Total of station group = 13
Total position group cap = 28.4
RPS = 2
Mitch Morse is the inner “dad” of the Bills group. Drafted 49th overall in 2015 by the Chiefs, Morse is a model center that is strong, consistent and efficient. He’s keeping the line tidy and Allen is free to do his job. Morse played 82% of 2020 snaps, placed 4th among crosses in penalties and allowed only one sack.
On either side of Morse are Ford and Feliciano. Neither has managed to start more than half of the season in rotation with Douglas and Boettger. Consistency is key, especially when coaches are looking at the mix of 5s rather than players in a vacuum.
Forrest Lamp was a highly touted rookie entering the league in 2017. Unfortunately, his rookie year was an achilles straight away, 2019 wasn’t much better. Last year, on the other hand, Lamp took the most shots of any NFL player, 1174. Despite this and his QB’s excellent play, Lamp was transferred to Buffalo under the new coaching regime of THE.
Beane (GM) took 7th round flyer Jack Anderson of Texas Tech in this year’s draft who has good size and power but – Buffalo Scouts – must have inside information about his potential and character to justify this. choice. This is an expensive room for Buffalo. With Josh Allen’s contract looming, I suspect some reshuffles soon enough.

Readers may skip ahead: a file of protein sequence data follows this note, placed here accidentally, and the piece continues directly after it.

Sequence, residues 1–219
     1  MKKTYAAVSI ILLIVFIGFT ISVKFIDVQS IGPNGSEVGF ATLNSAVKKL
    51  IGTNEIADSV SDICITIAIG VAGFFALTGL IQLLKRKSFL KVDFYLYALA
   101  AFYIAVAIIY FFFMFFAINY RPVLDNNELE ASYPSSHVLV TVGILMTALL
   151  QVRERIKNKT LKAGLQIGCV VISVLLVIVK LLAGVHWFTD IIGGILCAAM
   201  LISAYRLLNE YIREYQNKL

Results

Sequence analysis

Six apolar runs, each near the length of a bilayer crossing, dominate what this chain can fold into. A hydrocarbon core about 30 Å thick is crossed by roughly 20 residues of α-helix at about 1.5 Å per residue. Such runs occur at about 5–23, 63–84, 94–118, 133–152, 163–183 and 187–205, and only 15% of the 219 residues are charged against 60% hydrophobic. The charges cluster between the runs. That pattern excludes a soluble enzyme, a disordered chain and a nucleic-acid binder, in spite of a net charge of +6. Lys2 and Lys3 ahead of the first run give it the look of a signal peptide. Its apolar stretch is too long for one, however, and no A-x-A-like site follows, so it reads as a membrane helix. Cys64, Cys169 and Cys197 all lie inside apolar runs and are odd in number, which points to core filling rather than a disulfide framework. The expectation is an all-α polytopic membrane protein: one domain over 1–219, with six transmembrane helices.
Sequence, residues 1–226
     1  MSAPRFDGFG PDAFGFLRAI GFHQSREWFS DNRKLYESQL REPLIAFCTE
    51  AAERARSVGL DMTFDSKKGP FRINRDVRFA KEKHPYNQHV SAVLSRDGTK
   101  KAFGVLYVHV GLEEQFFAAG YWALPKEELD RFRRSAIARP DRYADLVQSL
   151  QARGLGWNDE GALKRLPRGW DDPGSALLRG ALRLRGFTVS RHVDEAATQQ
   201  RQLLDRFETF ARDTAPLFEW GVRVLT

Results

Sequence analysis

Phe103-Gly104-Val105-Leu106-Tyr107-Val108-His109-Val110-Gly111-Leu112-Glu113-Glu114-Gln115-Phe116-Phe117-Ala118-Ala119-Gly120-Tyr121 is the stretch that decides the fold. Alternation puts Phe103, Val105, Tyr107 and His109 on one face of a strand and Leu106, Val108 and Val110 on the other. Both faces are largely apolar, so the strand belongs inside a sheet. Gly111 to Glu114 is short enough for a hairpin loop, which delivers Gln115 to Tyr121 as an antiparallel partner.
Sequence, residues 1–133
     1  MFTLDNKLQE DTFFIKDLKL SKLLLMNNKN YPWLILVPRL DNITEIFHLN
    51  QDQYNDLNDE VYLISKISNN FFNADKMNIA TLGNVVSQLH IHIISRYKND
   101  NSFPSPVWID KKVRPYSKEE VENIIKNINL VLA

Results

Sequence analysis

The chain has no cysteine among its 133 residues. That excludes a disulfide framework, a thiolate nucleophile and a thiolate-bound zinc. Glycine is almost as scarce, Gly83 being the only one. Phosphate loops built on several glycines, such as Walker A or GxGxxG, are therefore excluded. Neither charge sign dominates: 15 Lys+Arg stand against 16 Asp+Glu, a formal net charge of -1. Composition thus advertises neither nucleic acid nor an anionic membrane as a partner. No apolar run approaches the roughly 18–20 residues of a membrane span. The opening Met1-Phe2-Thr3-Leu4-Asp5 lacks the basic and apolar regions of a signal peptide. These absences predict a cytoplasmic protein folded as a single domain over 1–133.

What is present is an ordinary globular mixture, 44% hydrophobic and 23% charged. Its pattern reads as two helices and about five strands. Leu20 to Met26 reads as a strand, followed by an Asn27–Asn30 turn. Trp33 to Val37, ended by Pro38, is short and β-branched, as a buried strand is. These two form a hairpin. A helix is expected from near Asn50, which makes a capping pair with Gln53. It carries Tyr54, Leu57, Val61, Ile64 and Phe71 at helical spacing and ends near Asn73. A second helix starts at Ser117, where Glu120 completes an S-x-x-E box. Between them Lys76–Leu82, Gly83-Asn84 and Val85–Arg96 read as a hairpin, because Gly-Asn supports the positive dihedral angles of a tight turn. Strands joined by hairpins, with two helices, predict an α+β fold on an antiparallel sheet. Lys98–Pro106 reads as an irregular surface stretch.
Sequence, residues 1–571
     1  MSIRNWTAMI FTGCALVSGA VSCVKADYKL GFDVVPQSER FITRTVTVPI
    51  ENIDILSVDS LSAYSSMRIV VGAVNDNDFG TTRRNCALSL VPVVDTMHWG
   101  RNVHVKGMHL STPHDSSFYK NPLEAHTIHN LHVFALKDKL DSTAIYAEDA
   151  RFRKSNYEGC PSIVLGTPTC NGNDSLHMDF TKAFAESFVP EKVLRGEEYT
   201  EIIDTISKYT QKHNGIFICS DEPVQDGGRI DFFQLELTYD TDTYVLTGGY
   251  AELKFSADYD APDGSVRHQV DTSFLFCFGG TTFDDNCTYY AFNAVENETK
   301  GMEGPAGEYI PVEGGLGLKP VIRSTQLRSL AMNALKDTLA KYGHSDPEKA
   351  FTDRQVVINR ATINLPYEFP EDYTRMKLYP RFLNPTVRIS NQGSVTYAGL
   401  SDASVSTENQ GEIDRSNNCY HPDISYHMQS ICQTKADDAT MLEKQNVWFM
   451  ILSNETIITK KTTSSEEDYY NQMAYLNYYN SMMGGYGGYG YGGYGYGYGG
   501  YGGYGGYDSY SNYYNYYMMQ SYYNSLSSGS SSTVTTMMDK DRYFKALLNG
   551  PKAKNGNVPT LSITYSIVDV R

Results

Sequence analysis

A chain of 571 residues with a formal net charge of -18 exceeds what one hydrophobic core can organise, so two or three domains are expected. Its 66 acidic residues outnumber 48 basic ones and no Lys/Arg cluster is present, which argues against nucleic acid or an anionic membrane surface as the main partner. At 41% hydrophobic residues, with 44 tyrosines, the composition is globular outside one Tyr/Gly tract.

Salomon Kindley (1), Robert hunt (1.8), Michael Dieter (1), Robert Jones R (0.7), Jermaine Eluemunor (1), Matt Skura (1.8), Tyler Gauthier (0.8), Cameron Tom (1), Durval Queiroz Neto (0.7)
Total of station group = 9
Total position group cap = 9.8
RPS = 2
Miami is deeply committed to overhauling its offensive line. They don’t hesitate to aggressively flip the list, this Front Office is all about icy business decisions. After looking at the performance of the units last year, the key idea was Robert Hunt.